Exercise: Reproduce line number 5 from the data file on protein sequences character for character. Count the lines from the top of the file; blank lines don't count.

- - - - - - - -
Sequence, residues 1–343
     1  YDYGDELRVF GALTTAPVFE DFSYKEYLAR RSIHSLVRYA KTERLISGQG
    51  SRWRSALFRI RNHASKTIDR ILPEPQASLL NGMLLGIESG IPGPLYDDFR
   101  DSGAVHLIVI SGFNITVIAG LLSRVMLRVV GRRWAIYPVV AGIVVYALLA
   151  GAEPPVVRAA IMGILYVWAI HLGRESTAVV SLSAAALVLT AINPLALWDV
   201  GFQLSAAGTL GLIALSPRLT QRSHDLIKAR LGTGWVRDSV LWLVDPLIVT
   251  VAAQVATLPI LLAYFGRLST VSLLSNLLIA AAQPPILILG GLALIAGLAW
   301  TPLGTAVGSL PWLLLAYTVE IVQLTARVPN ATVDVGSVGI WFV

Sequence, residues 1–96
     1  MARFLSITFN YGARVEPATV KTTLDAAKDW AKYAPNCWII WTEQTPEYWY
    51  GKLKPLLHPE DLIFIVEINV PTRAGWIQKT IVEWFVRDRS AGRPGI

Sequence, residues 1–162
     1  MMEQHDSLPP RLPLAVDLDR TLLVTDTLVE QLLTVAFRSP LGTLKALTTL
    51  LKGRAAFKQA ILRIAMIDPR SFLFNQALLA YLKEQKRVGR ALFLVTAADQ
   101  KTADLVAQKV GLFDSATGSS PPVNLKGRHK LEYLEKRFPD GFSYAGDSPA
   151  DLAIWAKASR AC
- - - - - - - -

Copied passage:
   151  GAEPPVVRAA IMGILYVWAI HLGRESTAVV SLSAAALVLT AINPLALWDV